On a recent visit to the Isabella Stewart Gardner Museum, I found myself drawn to the center courtyard, an enclosed space with water, plants, and a skylight 4 stories up. It’s one of my favorite places to escape in the cold winter weather. Isabella designed the garden and building with the Renaissance palaces of Venice in mind, and also incorporated numerous architectural fragments from European Gothic and Renaissance structures.
In previous visits I looked at the garden for a little while and headed the other rooms and three floors of artistic treasures of paintings, furniture, tapestries, ancient statues, and more.
But in this visit I decided to just stay near the garden and try to see everything I could in it. To look at it in a way I never have. Sort of in a meditative way, where you actually see the object, not the imagery and thoughts your mind thinks of when you look at it.
I don’t know how successful I actually was, but I periodically moved from seat to seat slowly making my way around it, to see it from different perspectives. I was also trying not to photo bomb all the young women who were taking selfies and then photographing each other on the stone bench with the garden in the background. One young woman spent so much time fussing with and flicking her long blond hair in preparation, I started to wonder if Vogue was doing a photo shoot. It made me feel wise and superior — oh look at those vain, young ones — as I leaned in slightly toward them to see if I could make them take a photo of themselves at an awkward angle to keep me out of the frame. Ah, youth. So fun to mess with.
There was a lot to see, and even though I spent about an hour and a half looking from the different angles, the details just kept coming–there was no way to see it all.
On the other side of the garden I found a book about it. It’s set out on the bench, so you can learn a little more. It said that most of the garden statues were of powerful women and goddesses, like Athena and even Medusa — death by snakes is pretty powerful. It teasingly mentions that Odysseus is tucked in the corner (I never did see him), and then the booked asked if that was Isabella making a statement about the power of women. Heck yeah! Her wealth and presumably a husband who was a good partner allowed her the independent life she led. So, yeah, I’m going with strong chicks in the garden for $500, Alex.
Then I noticed that the flowers in the book looked very different from the current flowers I was looking at — mostly white, which is a color I was getting all too much of outside. There were pages describing the careful attention to changing flowers for the seasons, spring, summer, fall — and all the elaborate cultivation of “warm” purples and oranges and yellows. Strangely they didn’t mention any elaborate preparations for winter, when the visitors are at their most color deprived.
Then in my little Zen experiment of being calm and really “seeing,” I started to feel ripped off. In fact one passage said they start these long hanging orange flowers called nasturtiums with seeds in June and then grow them for 9 months, like a baby, until they are 15 ft long. There were pictures of the flowers hanging two and three stories from the gothic windows along the sides of the garden. Suddenly I’m counting 9 months after June — wait a minute. That’s right now. Where the heck are my pretty orange cascading nasturtiums? All I get is bunches of cold white flowers? There were a handful of pretty flowering maples in the back, which remind me of my beloved Memere, who grew them, but still. Mostly white flowers.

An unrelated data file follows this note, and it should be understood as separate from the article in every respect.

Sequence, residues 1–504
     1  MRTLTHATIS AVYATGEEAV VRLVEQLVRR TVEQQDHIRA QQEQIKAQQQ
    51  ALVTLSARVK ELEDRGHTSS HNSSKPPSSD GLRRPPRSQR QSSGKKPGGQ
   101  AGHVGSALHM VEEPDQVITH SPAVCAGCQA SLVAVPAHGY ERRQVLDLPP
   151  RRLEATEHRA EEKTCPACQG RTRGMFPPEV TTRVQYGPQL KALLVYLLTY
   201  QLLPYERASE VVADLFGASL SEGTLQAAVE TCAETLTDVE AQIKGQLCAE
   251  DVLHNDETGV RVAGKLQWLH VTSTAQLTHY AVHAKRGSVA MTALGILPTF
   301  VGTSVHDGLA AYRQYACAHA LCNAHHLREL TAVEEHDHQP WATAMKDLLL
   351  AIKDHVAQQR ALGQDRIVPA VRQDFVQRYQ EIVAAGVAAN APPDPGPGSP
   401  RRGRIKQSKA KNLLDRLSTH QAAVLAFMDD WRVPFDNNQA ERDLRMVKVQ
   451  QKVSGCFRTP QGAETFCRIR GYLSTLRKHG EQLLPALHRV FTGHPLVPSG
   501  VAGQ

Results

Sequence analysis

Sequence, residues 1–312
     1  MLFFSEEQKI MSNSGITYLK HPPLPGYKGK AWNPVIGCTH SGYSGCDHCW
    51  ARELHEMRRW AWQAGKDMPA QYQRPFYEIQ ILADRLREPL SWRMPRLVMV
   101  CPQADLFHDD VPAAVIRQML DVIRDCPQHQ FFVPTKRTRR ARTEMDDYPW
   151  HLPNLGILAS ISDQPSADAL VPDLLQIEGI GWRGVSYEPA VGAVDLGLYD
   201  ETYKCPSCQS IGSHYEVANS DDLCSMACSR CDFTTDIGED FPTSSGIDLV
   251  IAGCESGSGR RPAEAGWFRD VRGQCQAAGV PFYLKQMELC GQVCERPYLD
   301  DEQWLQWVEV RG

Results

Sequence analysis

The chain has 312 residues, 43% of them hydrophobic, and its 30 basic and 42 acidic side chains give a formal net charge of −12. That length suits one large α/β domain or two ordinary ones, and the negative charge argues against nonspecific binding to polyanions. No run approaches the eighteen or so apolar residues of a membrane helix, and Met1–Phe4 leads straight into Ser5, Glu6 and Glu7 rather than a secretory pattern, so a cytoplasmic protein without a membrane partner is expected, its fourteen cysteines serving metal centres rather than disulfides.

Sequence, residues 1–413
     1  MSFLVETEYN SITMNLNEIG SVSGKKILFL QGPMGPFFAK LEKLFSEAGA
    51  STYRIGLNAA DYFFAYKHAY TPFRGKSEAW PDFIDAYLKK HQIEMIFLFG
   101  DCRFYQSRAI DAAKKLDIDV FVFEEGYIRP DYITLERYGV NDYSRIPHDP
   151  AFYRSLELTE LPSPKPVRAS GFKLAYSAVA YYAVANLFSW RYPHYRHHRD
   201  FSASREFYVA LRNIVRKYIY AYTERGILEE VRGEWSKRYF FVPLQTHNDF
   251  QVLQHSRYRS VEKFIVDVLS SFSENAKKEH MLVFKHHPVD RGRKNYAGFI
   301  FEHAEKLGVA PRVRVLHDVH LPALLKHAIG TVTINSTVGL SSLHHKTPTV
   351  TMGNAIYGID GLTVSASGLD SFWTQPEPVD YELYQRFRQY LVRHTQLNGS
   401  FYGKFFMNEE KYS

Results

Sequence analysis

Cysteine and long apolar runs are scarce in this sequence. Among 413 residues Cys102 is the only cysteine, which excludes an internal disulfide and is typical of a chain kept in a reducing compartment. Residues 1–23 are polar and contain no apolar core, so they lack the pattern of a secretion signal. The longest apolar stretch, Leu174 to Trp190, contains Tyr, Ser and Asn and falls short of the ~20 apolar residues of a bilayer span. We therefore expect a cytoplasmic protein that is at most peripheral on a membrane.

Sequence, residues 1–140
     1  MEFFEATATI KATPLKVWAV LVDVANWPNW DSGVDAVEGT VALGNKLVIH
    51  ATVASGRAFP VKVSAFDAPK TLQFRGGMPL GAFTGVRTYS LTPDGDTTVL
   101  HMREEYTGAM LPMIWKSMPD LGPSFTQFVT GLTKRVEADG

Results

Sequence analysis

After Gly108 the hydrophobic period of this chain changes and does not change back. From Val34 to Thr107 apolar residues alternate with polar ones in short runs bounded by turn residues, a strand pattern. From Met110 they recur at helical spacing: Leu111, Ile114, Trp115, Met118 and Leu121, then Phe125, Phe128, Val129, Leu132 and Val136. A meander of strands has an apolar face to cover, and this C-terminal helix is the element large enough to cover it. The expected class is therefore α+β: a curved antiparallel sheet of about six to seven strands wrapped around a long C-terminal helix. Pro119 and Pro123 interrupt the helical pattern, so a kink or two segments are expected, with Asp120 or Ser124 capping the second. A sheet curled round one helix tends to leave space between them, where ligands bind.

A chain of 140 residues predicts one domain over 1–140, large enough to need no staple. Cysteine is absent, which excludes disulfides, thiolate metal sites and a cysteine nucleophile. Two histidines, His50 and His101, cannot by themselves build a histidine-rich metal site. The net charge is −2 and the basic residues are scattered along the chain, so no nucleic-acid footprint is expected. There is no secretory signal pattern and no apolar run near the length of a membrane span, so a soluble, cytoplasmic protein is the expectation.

Where are my pretty, “warm,” colorful flowers?
I might as well have been flicking my gray/brown wavy hair and taking a selfie with all of the “wisdom” I was feeling right then.
Then the book explained what the big stone box was that I was sitting next to:
Because of all the grapes along the top, and because it is a good-sized box, I thought it was maybe used for crushing grapes to make wine. Can’t you see Lucy and Ethel stomping around in there? What? I’m a child of the 70s and 80s. Plus all the carved people are either looking at each other, or trying to grab their neighbor’s beautifully carved buttocks while also gazing at the other neighbor’s accurately carved naughty bits. Usually alcohol is involved in these situations.
However, the little book that taunted me with pretty flowers informed me it’s a sarcophagus. As in coffin. Excuse me, the Farnese Sarcophagus. According to the website:
‘The Farnese Sarcophagus is one of the most important works of art in the Isabella Stewart Gardner Museum. Its glorious images of cavorting satyrs and maenads has inspired generations of artists, collectors, conservators, and viewers.
This large, rectangular marble coffin was created in the area of Rome in the late Severan period, around 225 AD. The occupants of the monument are unknown, since the lid was lost or destroyed. It was rediscovered in Tivoli in about 1535 and its beauty inspired Renaissance artists.”
So, what do I know? I looked, and with my I Love Lucy education, made a really wrong guess. How can we ever really know what old things mean to the people who made them, 1,800 years ago?
We can’t. All you can do is be quiet and look as best you can. And try to not to photo bomb the young ones’ pictures.